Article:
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Technique question (I think Nolo would answer it best)

post #1 of 10
Thread Starter 
Hey Nolo,
I've been thinking about technique recently, and I'm stuck, so I was wondering if you could impart some of your most excellent wisdom, your highness. You see, I have this problem, and maybe you think it's stupid, but I guess you're the best one to help.
There are several threads going on at the minute about the same topic:
Bountiful threads on Balance
Some on Stance
A feastful on Feet
and machinations about Movement

But the most interesting one I have seen pop up all over the place is THIS ONE

it also appears as: THAT ONE

and even as: THE OTHER ONE

So, my technique question is: If there are nearly 4,000 members here, how come less then 50 have submitted nominations, and one of them is you (who tried to cheat by doing it 3 times), nominating yourself each time?
I mean, it's not going to be much of a vote if we don't have enough nominations. Can you help?

S
post #2 of 10
Fox,

I think it's rude and cheeky of you to expose my grasping for votes for the Best Instructor award and self-nomination for a special Tinkerbell's wand award.

In answer to your implied question, yes, the first thrust gets your hips over your feet at which point, assuming you are in authentic eccentric contraction, you will be able to access the stretch reflex that will "hit the G-pedal," as Marilyn Chambers advises in her classic undercover instructional video, Take a POWDER, Chowder.
post #3 of 10
Thread Starter 
Quote:
Originally posted by nolo:
In answer to your implied question, yes, the first thrust gets your hips over your feet at which point, assuming you are in authentic eccentric contraction, you will be able to access the stretch reflex that will "hit the G-pedal," as Marilyn Chambers advises in her classic undercover instructional video...
Nolo,
I'm not sure about this. Some of it makes sense, but some of it is just bunkum – a new-fangled, discredited theory. I mean I've heard talk of this "G-pedal", but I don't believe such a pedal exists. I mean, next you’ll be telling me to ditch my long straight skis for something shorter. My long skis have kept me happy for years. Can I be certain that satisfaction will be just as forthcoming with shorter ones?

S
post #4 of 10
The idea is that it's not the length of the tool, but what happens at the point of contact. Pay attention, boy! The whole system must be rooted to the ground through the CoP.
post #5 of 10
I'd have to agree with Nolo. The same concept applies to for all skis. Any I've ever been on has each had it's own "sweet spot", as I call it, that optimally accesses that ski's technical design performance potential. When the CoP hits the sweet spot it really is like stepping on the go/gas pedal. Somewhere a ski designer rolls over and grins in his sleep.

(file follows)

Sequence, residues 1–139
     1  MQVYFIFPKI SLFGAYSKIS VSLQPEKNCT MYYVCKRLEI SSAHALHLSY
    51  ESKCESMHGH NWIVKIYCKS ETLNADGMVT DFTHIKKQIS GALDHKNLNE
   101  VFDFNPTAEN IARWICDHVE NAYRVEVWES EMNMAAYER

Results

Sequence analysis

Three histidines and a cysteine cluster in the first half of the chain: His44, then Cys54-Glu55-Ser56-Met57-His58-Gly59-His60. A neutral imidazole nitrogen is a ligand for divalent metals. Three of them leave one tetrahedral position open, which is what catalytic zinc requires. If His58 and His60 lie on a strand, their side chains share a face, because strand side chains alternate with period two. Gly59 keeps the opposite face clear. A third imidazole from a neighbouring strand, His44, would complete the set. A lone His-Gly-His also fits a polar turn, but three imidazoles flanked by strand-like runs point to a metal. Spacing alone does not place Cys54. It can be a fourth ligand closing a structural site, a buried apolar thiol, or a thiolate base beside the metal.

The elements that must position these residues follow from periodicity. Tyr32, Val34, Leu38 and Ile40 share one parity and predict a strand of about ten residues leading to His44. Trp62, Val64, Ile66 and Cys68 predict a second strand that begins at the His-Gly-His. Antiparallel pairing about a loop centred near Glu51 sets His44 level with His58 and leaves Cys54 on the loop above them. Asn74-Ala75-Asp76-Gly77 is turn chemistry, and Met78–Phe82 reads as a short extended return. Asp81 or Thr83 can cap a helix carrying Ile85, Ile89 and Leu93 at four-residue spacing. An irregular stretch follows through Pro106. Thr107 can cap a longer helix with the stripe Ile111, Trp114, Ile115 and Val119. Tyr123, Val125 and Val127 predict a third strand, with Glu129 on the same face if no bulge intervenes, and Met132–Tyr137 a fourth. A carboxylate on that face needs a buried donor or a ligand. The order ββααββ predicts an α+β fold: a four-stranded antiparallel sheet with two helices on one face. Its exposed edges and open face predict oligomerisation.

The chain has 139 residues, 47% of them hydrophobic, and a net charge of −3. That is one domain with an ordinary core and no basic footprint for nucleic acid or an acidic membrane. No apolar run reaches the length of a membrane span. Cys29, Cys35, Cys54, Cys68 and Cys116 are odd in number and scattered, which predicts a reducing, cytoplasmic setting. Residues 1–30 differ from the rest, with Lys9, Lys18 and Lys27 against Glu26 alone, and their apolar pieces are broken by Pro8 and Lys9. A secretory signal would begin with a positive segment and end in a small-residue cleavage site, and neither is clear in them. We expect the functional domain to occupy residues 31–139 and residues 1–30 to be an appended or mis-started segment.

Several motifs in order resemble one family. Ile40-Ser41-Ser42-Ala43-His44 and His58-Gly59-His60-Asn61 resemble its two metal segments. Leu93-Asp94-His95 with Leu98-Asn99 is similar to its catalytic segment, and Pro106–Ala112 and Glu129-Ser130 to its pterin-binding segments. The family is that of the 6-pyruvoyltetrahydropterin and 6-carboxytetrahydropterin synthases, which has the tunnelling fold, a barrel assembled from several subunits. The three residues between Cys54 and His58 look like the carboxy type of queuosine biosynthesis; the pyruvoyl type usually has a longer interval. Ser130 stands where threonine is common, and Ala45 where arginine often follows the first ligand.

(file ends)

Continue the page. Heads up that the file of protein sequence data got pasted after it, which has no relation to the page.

The really cool aspect of shorter shape skis is that you can stand on the gas for the whole arc, and in much smaller radius, than you could on the old longer (less sidecut) gear (unless you were going zip code to zip code). The sweet spot/CoP relationship is easier to find because the new skis have more effective edge working from the top of the arc (on the gas into the falline) and provide more distict feedback to the skier. Their capability to carve easier focuses energy back to the CoP, giving great feeling of support, where as older skid more skis disapate, or drain, energy from CoP. The new short shapes enable me to set up and allow what I used to have work to cause.

I've always had fun whatever gear I was on, but I would not go back to longer skis except for a specific unique application, such as racing DH or SG. Proportionatly, I now actually ski a greater range of length than I ever did. My old long GS/All-Mt skis were 3% longer than my SL (210/204), now my shorter GS/All-Mt are are over 8% longer than my SL (181/167). My holdover fat 88mm waist powder planks seem huge at 190cm.

Get some demo's and try'em, you might like'em.
[img]smile.gif[/img]

[ December 18, 2002, 12:44 PM: Message edited by: Arcmeister ]
post #6 of 10
Arcmeister,

Thank you for dignifying my post with your excellent explanation. I'm guessing that Fox will thank you also.

Did you cast a vote for the awards? The more the merrier!
post #7 of 10
That does it, I'm not letting my son see this thread.
post #8 of 10
I notice my skis are not as stiff as they used to be.
post #9 of 10
Maybe if you mash your Viagra into a paste, you could wax your skis with it and that might make them stiffer? :

Seriously tho,
The new skis are softer, longetudinally (along their length).
This is so that as you tip them to higher edge angles, they can more easilly bend into a deeper reverse camber that the greater sidecut allows, and is designed to work with, to maintain pressure distribution along the entire edge length (to carve turns).

However, I think you would find that our new toys have become torsionally stiffer (resistance to twist at tip/tail). This is because the wider tip/tail now have more leverage to twist off to a lessor edge angle than the (proportionatly) narrower waist of ski under foot. Torsional stiffness is what keeps tip/tail edge angles close to what you input to skis with your feet. Beginner skis tend toward softer torsion to so as to react slower and be more forgiving, while hi-performance skis are torsionally stiffer to provide presision, instant responce and more powerful edge grip on hard snow.
:
post #10 of 10
Thread Starter 
When I got my skis, they had a cover over the tip. I still keep that cover on most of the time, it keeps the tip more sensitive. I believe that many North American skiers have the cover removed permanently. Does this affect the transmission of feeling from the tip of the skis?

S
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